by Julie, Austening in Somerville
Usually, on January 1, I watch Pride and Prejudice. The 1995 Jennifer Ehle/Colin Firth version, of course. That that is the best version is not up for discussion, at least not with me. This year I skipped my ritual, which has thrown me off a bit. Because this year, more than any other in recent memory, I need my Austen fix. Writing this blog post is how I will begin.
Jane Austen died in 1817, and yet she endures. Her stories are of their time, but they are also universal. I find, as time goes by, my relationship to the different characters changes. Though Colin Firth in the lake is one of my favorite sites every year, Darcy would be a challenging partner, don’t you think? Does anyone else think that Eleanor should have married Colonel Brandon? Especially in the 1995 film? But I digress. Besides, these sorts of conversations are best done in person.
I’m so grateful that my writing life came of age with computers. I can’t imagine what it must have been like to type my manuscripts. But even that pales in comparison to writing longhand in the family drawing room with a quill. Or pinning edits to my manuscript. (She wrote her manuscripts with long text, and would write edits and changes on new paper, cut it, and pin it where it belonged.) To have both the imagination and the wherewithal to write a manuscript in the early 1800’s was amazing enough. To also write such wonderful novels? My Januarys are made all the better because of her genius.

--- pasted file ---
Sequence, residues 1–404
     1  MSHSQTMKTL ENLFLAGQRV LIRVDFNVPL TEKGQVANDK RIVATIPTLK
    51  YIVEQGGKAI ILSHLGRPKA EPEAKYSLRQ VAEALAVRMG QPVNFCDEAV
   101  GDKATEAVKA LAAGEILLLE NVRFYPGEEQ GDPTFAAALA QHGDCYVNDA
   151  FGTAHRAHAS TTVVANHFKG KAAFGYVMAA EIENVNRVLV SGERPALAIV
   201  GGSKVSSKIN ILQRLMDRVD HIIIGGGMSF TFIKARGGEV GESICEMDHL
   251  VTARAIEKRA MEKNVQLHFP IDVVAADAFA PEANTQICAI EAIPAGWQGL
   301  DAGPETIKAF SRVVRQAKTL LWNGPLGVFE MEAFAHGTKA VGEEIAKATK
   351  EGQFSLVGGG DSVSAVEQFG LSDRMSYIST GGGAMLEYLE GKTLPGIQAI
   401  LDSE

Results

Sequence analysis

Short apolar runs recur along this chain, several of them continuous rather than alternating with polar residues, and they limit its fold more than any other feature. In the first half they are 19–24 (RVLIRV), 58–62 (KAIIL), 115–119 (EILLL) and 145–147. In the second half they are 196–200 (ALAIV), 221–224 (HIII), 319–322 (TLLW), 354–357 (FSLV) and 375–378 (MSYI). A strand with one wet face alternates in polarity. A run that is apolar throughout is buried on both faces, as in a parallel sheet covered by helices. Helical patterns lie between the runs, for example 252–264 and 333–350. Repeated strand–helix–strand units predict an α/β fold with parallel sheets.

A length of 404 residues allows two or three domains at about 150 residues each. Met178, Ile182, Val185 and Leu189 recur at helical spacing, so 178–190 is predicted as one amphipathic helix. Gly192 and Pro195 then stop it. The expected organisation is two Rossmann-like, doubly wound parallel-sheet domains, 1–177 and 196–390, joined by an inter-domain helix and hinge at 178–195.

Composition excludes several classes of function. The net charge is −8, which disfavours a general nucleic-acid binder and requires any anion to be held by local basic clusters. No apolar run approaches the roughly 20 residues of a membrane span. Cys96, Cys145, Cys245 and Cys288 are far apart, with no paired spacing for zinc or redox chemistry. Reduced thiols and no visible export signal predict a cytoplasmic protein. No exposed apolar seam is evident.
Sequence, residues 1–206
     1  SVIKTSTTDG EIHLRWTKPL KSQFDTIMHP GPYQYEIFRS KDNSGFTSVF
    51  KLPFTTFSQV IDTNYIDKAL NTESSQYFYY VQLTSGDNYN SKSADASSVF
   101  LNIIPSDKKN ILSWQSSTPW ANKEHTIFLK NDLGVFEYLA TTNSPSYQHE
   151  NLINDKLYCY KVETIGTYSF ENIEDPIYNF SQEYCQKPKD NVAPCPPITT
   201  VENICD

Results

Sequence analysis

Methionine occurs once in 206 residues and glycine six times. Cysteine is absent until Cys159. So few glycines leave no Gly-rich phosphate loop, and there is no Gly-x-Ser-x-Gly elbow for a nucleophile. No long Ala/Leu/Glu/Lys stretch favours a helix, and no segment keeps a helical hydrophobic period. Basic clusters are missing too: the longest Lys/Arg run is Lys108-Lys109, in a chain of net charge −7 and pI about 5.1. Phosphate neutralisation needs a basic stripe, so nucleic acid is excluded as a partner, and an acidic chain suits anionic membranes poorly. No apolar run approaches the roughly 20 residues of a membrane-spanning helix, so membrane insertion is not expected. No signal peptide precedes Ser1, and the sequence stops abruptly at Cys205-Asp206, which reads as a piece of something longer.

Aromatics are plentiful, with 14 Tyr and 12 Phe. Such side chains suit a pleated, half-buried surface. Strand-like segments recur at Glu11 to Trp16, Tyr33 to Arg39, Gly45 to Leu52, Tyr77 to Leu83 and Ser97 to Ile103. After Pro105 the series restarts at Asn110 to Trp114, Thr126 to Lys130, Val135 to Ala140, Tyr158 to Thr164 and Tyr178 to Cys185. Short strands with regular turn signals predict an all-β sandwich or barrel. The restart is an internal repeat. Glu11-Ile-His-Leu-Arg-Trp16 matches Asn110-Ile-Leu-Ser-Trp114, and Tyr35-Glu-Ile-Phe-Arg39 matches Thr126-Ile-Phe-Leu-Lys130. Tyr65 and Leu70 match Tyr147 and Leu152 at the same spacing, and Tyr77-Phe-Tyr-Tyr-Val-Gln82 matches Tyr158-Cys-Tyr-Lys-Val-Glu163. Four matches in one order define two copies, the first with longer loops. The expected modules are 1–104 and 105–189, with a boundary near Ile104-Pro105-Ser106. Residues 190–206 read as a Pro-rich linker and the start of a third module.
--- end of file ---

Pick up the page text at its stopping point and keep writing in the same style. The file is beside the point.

Her work has also inspired some other work, and that helps her stay relevant. My nieces love the movie Clueless, a modern Emma. Like dress up like the characters for Halloween love. I recently discovered Lost in Austen, which is about a modern day Pride and Prejudice fan switching places with Elizabeth Bennett, and screwing up the storyline. Stephanie Barron wrote a mystery series, where Jane Austen is the sleuth. P.D. James wrote a sequel to Pride and Prejudice, a mystery. There’s also a Pride and Prejudice musical on Prime. The list goes on and on.
Jane in January renews my spirit, kindles the romantic in me, and inspires my muse. My immediate plans include rereading Persuasion, my favorite of her novels, and then watching a lot of Austen during this Covid winter.
Readers, what are some of the soothing rituals you have? Any other Austen fans out there? Tell me about adaptation you enjoy. And make a plan to watch them soon. We all need a little Jane this January.